Nice investigation! Anyway, CLOCK_MONOTONIC is not subject to NTP backward adjustment, but just incremental ones ie clock acceleration of any kind, but this would happen mostly for systems that shares a single common clock and I'm sure that is not the common case.
Re the openjdk code, I was already aware of cases where nanoTime was implemented using currentTimeMillis, but not that there was modern systems with such issues given that not just this critical analyser, but probably anything that measure time in a Java program would be broken if it happens.
My concern is to add a XADD instruction in the hot path to support this fix given its cost.
Do you have verified that your system is not supporting nanoTime correctly?
Probably updating the kernel or just using something with hardware clock dedicated would help.

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franz1981 commented Dec 26, 2018

Ah, another consideration: nanoTime can actually go backward due to "starting in an unspecified point of time", but usually this need to be handled by not comparing directly values and just perform the difference, making use of numerical overflow to have correct values back, as reported by https://docs.oracle.com/javase/8/docs/api/java/lang/System.html#nanoTime--.

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wy96f commented Dec 26, 2018

@franz1981 thanks for the explanation. We have verified nanoTime is correctly supported. We observed the queue delivered messages and received no messages for abount 2mins, then broker is killed. Three brokers had been killed this week. That was weird. The dumped stacktrace is attached. Could you shed us some light? :)
please see https://gist.github.com/wy96f/1a5c2f481e70d8dabde70f3a07eb57b7 for dump file.

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franz1981 commented Dec 26, 2018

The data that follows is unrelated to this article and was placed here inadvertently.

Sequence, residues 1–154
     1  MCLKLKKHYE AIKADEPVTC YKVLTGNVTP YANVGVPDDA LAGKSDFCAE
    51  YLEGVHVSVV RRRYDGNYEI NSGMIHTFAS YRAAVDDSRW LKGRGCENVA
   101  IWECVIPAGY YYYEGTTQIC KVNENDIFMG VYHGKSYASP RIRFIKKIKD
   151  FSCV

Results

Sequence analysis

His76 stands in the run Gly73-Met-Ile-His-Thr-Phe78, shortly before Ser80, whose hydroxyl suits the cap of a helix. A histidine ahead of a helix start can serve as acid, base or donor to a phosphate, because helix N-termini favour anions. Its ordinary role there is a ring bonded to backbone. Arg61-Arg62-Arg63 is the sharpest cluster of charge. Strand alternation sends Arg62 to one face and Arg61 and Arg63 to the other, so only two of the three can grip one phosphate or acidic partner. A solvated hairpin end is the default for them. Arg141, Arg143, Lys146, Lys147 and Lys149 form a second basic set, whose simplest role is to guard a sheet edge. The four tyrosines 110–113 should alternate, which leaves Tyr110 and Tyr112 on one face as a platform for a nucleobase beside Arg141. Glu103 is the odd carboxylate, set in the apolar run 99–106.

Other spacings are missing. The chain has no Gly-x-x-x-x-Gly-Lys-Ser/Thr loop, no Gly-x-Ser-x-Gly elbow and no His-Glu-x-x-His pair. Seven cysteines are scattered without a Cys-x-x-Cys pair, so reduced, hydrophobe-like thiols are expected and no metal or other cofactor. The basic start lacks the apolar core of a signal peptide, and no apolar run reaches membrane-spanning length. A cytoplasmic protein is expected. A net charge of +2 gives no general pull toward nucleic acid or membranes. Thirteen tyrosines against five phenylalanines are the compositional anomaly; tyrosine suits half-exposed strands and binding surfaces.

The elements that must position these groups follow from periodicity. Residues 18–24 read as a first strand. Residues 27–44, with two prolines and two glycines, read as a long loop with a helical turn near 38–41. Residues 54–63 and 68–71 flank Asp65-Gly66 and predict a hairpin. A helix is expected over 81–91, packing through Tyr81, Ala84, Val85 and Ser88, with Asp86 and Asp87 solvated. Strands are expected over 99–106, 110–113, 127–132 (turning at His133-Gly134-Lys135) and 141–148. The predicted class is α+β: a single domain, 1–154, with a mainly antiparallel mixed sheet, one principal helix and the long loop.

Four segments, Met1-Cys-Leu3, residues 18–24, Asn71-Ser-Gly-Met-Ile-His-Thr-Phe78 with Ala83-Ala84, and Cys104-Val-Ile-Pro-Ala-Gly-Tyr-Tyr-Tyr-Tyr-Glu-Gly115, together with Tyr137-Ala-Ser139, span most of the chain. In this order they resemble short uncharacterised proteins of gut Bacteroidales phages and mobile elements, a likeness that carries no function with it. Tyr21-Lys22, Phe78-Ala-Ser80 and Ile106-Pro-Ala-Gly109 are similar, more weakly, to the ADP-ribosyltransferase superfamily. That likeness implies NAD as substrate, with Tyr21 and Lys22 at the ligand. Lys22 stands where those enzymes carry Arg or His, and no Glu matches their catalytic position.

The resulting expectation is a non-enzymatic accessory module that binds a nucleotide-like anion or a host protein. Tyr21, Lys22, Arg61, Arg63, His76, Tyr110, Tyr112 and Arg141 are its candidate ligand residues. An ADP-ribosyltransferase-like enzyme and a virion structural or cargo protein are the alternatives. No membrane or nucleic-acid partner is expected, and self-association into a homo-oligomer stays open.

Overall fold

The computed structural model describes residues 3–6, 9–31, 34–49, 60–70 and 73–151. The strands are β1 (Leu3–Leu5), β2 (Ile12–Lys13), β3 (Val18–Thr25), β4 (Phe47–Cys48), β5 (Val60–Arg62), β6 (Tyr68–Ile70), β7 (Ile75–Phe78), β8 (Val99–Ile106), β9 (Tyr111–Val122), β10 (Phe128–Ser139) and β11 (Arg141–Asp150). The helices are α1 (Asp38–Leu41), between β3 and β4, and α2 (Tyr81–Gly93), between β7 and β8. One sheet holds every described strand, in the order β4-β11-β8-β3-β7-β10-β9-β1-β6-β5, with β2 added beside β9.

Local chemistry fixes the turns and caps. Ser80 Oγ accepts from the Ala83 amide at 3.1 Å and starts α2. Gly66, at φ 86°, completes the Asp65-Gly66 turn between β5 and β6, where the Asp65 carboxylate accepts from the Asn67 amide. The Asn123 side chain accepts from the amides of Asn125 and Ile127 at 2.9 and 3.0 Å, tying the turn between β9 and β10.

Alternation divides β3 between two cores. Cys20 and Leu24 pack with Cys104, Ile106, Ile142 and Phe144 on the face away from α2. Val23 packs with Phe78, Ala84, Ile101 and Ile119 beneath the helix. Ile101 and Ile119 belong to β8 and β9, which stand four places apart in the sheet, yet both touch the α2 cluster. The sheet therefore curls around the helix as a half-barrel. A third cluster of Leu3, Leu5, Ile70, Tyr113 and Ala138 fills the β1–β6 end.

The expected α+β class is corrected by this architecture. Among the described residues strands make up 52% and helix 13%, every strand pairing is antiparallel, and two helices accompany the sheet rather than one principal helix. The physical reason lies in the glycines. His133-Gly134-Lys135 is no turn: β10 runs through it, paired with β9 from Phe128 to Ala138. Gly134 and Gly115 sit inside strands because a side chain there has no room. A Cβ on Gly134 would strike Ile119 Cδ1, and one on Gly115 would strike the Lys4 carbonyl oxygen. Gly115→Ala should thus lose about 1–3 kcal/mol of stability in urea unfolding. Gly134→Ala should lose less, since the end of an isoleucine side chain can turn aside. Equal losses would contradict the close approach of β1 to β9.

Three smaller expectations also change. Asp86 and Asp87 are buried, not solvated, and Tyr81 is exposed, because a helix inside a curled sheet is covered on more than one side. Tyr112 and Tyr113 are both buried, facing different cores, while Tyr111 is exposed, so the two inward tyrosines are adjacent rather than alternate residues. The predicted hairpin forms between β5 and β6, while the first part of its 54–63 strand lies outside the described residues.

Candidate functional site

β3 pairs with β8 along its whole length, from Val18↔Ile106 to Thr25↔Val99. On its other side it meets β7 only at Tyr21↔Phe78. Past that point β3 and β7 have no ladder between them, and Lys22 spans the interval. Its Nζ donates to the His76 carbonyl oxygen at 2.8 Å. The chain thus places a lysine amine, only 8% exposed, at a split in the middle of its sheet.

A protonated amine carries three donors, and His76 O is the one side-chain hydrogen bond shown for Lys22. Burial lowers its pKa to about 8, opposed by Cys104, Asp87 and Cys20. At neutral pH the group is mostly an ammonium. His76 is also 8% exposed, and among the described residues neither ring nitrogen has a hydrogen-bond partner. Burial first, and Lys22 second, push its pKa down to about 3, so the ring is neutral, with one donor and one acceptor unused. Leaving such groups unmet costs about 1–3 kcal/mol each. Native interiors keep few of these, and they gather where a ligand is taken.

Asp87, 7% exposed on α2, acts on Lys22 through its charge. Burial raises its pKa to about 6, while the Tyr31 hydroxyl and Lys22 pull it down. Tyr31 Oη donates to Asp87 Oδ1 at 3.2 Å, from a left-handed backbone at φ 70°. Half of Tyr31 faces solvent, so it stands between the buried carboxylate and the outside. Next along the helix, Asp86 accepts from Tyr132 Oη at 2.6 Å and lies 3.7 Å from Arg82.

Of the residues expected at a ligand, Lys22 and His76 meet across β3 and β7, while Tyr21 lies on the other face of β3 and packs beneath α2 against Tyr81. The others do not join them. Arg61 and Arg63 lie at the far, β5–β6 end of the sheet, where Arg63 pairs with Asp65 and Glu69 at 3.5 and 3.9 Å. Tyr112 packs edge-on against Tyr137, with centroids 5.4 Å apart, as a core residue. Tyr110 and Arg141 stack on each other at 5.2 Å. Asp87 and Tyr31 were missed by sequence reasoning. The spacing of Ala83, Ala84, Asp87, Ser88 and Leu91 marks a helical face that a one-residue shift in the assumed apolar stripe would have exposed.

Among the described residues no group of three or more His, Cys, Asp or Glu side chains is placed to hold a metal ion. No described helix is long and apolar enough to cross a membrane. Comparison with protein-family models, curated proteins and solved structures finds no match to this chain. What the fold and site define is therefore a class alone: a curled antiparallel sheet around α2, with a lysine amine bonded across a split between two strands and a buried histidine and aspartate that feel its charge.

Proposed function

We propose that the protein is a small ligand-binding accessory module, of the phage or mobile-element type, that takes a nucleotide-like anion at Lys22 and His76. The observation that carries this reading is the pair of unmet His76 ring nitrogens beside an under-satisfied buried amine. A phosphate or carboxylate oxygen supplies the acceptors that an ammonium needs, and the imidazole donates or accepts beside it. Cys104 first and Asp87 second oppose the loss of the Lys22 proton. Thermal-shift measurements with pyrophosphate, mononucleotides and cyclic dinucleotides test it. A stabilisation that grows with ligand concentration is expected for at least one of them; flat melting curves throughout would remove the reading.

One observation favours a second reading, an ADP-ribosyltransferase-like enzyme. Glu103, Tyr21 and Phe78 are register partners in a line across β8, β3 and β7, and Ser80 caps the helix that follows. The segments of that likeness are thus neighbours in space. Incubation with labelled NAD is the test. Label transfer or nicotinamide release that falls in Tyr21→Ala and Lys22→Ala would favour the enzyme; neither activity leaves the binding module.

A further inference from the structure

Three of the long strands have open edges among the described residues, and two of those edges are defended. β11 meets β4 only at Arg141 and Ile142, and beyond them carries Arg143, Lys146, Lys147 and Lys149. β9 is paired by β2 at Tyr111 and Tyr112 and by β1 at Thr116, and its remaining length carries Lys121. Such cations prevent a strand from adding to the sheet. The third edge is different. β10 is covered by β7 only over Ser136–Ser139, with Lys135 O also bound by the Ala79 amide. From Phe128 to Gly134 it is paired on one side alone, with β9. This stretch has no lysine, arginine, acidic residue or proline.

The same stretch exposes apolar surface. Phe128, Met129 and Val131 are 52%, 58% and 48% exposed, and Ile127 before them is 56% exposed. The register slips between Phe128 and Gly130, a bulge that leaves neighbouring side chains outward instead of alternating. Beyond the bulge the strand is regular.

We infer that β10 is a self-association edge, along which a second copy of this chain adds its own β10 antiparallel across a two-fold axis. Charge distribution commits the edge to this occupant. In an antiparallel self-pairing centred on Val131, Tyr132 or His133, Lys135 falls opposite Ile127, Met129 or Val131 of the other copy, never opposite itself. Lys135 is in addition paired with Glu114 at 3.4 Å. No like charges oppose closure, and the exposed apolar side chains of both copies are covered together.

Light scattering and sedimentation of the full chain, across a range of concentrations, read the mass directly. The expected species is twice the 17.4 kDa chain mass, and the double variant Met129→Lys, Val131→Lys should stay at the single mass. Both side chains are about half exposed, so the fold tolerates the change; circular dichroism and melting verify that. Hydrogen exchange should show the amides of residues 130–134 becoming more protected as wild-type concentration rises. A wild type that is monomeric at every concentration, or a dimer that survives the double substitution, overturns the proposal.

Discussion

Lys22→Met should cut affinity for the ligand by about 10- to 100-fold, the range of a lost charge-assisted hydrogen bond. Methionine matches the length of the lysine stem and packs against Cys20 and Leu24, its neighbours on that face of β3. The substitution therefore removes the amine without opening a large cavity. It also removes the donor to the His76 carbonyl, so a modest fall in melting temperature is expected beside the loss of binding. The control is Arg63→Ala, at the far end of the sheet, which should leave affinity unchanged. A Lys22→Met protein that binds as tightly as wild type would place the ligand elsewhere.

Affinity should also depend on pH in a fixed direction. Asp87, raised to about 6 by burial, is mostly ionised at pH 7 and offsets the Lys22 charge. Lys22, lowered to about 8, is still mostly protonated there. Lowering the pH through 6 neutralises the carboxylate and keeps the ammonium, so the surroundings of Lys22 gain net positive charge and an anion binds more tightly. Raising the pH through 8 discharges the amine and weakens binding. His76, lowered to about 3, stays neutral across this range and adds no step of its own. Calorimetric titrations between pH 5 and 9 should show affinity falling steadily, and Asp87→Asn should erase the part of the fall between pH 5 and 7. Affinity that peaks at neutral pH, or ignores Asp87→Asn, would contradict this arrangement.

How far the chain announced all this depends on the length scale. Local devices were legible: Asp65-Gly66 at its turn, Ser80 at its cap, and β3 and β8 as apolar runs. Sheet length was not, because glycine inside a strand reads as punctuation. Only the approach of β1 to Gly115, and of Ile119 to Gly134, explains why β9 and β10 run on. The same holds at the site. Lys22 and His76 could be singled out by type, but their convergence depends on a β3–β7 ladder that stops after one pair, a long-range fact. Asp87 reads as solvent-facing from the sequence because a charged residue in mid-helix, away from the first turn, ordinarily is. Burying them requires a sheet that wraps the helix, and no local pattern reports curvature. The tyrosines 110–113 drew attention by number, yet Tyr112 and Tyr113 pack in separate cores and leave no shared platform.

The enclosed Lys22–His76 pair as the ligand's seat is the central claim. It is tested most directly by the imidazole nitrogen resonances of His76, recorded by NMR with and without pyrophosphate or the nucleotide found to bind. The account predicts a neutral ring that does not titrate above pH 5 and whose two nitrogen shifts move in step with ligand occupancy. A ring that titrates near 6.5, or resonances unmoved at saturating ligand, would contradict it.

I will be able to look into that in the next days :)
I can already ask you to collect time to safepoints/GC pauses if possible ie -XX:+PrintGCApplicationStoppedTime.
2 minutes seems a too long period TBH, but worth taking a look if you rely on MAPPED journal and/or paging a lot, given that major page faulting can causes long stall similar to very long full GC, but TBH nothing so long (2 minutes is a lot!).
As an additional suggestion you could run continuosly a Java program that just use one core, measuring the elapsed time between 2 consecutive nanoTime calls, recording in which wall-clock time a back-ward "drift" has happened to check if a broker shutdown has happened near the same time, makes sense?

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wy96f commented Dec 30, 2018

@franz1981 thanks for your advice. We've enabled gc log and run the nano program. Any news will be reported:)

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michaelandrepearce commented Jan 3, 2019

Can we close this for the interim?

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wy96f commented Jan 4, 2019

interim

Yes. The problem did't occur these days. We'll give more investigation.

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michaelandrepearce commented Jan 4, 2019

@wy96f if you could close, only the person opening can close, or when we merge.

@wy96f wy96f closed this Jan 4, 2019